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Proceedings of the Provincial Court, 1675-1677
Volume 66, Preface 31   View pdf image (33K)
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                             Introduction.            xxxi

        over in the Ruth, on account of Leach's contempt of the December 9 decree,
        and three days later the writ was issued. The Commissioners of Kent County
        were ordered to seize and take possession of goods shipped in the Ruth or their
        produce wherever they might be found. They were to appraise them and then
        turn them over to Peighen to satisfy the decree and to repay his costs. And
        they were to return a certificate to Chancery without delay (ibid., p. 202).
        How the matters were disposed of is not known now.

         JOHN QUIGLEY AND THE BUILDING OF THE STATE HOUSE

          In the spring of 1674 the Assembly passed an act to build a state house
        and a prison at St. Mary's City (Archives, II, pp. 404-407), and gave the
        contract to John Quigley, innholder and attorney of the Provincial Court, usu-
        ally called Captain Quigley. His bid was 330,000 pounds of tobacco and he
        gave bond for 50,000 pounds to have the buildings completed on time (ibid.,
        pp. 383, 386). He went to work and almost immediately he ran into difficulties.
        By February 1674/5 he was asking the Assembly for his pay, next crop (ibid.,
        p. 455), although he was not supposed to get his money until after the work
        was completed. The Province was only forty years old, but Quigley found
        near at hand at least three good bricklayers, and he made contracts with them.
        John Roberts agreed to work on the brick building called the State House
        for one month for three shillings a day. At the end of the month Roberts asked
        3/12 and, when Quigley refused to pay it, Roberts sued. When the case
        came up, Quigley disposed of it in short order, for he showed the Court a dis-
        charge from Roberts from all demands for money from the beginning of the
        world to the present, and the Court declared Roberts's claim false and gave
        Quigley 690 pounds of tobacco for his costs. Within a few days, however,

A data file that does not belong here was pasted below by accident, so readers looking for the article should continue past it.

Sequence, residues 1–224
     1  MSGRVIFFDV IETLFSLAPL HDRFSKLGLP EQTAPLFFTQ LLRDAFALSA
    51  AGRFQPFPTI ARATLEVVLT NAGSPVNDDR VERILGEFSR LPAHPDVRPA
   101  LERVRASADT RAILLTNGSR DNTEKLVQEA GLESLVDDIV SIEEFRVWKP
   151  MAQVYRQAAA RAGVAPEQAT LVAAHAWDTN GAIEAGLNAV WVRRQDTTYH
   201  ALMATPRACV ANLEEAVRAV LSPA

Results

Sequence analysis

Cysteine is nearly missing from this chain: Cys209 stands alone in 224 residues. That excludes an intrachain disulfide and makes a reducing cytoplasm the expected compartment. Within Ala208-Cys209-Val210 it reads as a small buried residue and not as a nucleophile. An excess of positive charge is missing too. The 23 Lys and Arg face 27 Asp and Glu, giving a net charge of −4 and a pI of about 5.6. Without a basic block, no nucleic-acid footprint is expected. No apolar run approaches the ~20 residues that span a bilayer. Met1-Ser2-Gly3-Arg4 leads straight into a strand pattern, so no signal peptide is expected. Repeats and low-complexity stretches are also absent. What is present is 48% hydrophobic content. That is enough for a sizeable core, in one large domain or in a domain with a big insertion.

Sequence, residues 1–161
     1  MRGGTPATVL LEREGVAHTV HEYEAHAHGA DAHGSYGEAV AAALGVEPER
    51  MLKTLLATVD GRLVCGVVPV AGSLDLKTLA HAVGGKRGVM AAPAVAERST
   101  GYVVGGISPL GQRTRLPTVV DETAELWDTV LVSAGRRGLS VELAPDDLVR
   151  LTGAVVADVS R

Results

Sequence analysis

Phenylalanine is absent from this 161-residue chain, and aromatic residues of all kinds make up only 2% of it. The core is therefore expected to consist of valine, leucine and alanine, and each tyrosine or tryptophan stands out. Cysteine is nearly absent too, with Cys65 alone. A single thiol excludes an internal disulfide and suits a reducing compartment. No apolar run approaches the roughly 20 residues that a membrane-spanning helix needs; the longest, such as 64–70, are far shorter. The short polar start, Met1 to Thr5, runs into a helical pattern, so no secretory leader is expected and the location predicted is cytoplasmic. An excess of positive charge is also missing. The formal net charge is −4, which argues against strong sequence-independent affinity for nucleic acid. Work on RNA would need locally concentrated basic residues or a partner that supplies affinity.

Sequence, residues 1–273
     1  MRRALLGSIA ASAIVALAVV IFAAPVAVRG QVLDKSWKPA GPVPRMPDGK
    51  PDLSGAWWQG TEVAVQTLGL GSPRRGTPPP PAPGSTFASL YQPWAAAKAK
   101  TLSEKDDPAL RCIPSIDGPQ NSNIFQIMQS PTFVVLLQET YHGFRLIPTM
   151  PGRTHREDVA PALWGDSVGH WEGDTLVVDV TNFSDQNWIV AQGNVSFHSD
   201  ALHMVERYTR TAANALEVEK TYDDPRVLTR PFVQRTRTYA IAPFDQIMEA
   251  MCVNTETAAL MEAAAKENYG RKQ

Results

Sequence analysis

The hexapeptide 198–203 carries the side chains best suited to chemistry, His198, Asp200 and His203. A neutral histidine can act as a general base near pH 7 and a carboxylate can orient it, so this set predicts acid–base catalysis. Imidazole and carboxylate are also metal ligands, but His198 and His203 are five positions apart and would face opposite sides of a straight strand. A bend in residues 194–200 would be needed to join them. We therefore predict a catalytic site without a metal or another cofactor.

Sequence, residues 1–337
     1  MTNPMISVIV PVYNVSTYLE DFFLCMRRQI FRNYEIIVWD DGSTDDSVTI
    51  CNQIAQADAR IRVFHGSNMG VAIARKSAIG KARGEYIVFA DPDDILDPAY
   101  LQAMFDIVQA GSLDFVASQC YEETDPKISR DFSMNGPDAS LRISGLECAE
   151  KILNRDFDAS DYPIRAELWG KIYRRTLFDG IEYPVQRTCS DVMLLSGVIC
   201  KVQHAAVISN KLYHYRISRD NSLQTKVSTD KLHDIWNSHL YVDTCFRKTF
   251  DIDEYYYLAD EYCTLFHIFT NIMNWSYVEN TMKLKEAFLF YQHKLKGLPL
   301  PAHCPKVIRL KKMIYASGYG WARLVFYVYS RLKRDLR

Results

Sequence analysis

Roberts went to work for Quigley again, with no definite wages provided,
        and this time he worked until the last day of September. Two other bricklayers
        also worked for Quigley on the State House from July 4, 1675, and all three
        of them worked on until the last day of September. When Quigley refused to
        pay Roberts what Roberts thought he reasonably deserved, the bricklayer sued
        again, this time for 10,000 pounds of tobacco. This time the jury and the
        Court granted the plaintiff Roberts 2400 pounds as damages and 1389 pounds
        more for costs (post, pp. 229, 230). Thomas Walker, who worked for the
        same time and the same wage agreement, was given the same verdict, save that
        he got 1362 pounds for costs, instead of 1389 (ibid., 207). Thomas Paine, the
        third artisan, got the same contract, worked the same time and got the same
        treatment, also sued for the same sum, 10,000 pounds of tobacco. He too got
        a jury verdict, but the Court ordered a writ of enquiry of damages because it
        did not appear just how much he had been damaged. When the writ was
        returned, on April 13, 1676, the jury said he should have 4200 pounds damages
        and 1921 pounds costs (ibid., 95-96, 228-229). When Quigley did at last finish
        the work, it was so poorly done that repairs and overhauling were needed very
        soon, but that is another story (Archives, VII, 229, 230, 2Q4, 300; XIII, 223;
        XX, 35).
        


 
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Proceedings of the Provincial Court, 1675-1677
Volume 66, Preface 31   View pdf image (33K)
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